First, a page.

This two-year diploma-level course makes up the second and third year of our Gestalt Counselling Programme. It offers intensive, practical professional training – on completion (and having completed the required number of client and supervision hours) you’ll be an accredited member of the British Association for Counselling and Psychotherapy (BACP) and fully equipped to work competently with a range of clients.
Who takes this course?
Most students come to this course directly from the Certificate in Humanistic Counselling Skills (Part 1 of our Counselling Programme) with a view to becoming a qualified professional counsellor. Occasionally, we admit students with prior experience at this stage – see entry requirements for full details.
What the course offers
There are four components to this part of the programme:
- teaching, practice and evaluation of skills involved in creating and developing a counselling relationship
- developing awareness of self and self in relation to others both personally and professionally
- presenting sound theoretical concepts from relevant established disciplines
- group supervision to discuss and evaluate counselling practice.
In the first year, you will:
- Gain a solid grounding in the philosophy and practice of gestalt as a core model.
- Review and evaluate the fundamental principles of counselling and relate these to the core method.
- Discuss and explore ethical and professional issues in relation to the counselling profession and clinical practice.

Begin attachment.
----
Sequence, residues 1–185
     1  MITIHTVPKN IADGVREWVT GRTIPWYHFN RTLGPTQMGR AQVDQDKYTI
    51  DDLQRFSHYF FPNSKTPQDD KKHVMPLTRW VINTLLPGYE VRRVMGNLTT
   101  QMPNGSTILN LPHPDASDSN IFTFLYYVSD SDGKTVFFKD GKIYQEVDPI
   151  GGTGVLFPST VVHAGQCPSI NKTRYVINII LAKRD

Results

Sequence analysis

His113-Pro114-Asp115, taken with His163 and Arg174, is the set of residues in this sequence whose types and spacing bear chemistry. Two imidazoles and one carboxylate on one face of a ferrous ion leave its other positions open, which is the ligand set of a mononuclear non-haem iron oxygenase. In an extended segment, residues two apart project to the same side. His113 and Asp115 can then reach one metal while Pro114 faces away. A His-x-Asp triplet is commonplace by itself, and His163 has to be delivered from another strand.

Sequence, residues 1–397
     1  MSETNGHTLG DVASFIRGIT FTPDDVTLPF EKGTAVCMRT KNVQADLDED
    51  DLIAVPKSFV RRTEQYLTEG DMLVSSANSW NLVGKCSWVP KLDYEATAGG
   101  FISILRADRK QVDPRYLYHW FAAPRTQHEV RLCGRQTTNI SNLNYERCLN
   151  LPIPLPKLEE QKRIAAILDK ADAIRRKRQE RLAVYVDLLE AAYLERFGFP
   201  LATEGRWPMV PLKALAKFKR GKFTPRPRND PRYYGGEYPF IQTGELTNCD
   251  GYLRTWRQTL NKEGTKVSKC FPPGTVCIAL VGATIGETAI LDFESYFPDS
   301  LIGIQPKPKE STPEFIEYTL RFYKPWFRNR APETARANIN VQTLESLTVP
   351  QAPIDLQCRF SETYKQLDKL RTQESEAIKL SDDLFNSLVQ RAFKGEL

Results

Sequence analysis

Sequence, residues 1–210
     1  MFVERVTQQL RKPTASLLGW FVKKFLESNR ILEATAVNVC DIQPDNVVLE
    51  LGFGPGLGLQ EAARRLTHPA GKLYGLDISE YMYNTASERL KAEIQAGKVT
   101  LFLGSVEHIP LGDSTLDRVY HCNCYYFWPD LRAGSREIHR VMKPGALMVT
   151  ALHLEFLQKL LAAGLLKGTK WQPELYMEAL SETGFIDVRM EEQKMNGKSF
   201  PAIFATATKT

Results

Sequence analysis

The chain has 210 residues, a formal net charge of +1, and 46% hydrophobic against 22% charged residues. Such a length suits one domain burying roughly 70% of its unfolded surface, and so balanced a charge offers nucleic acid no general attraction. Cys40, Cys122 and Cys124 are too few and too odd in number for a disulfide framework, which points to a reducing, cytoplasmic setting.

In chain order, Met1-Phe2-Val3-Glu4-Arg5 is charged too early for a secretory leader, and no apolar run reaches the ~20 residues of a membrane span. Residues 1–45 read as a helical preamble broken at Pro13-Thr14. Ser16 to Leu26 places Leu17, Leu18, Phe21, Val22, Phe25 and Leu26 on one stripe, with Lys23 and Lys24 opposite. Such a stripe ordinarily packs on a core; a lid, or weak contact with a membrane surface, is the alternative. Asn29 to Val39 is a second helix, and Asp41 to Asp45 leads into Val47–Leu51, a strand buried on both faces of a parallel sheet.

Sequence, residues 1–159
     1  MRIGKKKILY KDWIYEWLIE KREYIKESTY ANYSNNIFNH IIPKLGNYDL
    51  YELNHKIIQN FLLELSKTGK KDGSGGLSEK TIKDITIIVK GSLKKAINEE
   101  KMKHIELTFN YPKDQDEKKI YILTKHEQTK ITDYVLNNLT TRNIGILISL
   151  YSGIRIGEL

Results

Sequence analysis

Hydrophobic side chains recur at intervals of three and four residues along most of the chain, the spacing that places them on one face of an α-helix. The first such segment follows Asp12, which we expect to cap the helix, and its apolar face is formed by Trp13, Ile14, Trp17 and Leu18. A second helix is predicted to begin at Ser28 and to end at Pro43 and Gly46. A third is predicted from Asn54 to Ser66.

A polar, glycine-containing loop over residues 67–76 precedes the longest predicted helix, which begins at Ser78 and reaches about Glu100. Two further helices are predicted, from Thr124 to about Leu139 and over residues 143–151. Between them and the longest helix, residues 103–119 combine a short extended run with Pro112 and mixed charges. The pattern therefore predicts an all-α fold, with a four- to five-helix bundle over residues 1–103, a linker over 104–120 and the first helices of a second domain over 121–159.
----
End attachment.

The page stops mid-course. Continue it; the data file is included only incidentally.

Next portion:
- Explore a range of theories of human development.
- Address major areas such as:
- cross-cultural counselling
- race, sexuality and gender issues
- loss and bereavement
- other topics relevant to student needs.
- Develop one-to-one counselling skills.
- Learn to review counselling sessions with peers.
- Integrate this theoretical, practical and experiential learning into current counselling practice with the support of supervision.
In the second year you will:
- Focus on groupwork theory, skills and practice.
- Deepen your understanding of gestalt theory and methodology with reference to subjects like transference and developmental theories.
- Cover other topics relevant to the developments in the wider counselling profession, e.g. short-term, brief therapy.
- Have an introduction to psychiatric diagnosis, treatment and drugs.
- Focus primarily on integrating this learning into individual and group counselling practice through case discussions, group and individual supervision and peer feedback.
The weekly components of both years are:
- peer learning groups for study, skills practice, professional exchange and support
- seminars on theory, professional and ethical issues
- weekly personal development groups to address and explore individual and group issues, interpersonal relationships and attend to group process.
Across the two years, students need:
- to be in their own private, individual gestalt counselling for a minimum of 80 hours over the two year period of training
- to find a suitable trainee placement, in accordance with the Gestalt Centre guidelines and complete 120 hours of work with clients
- to have a minimum of 23 hours’ individual supervision with a Gestalt Centre approved supervisor in addition to any supervision that may be provided by the student’s counselling placement.
What our students say
“Very intensive but of great value.” (CN)
“I rate this course as excellent and would happily recommend it.” (SA)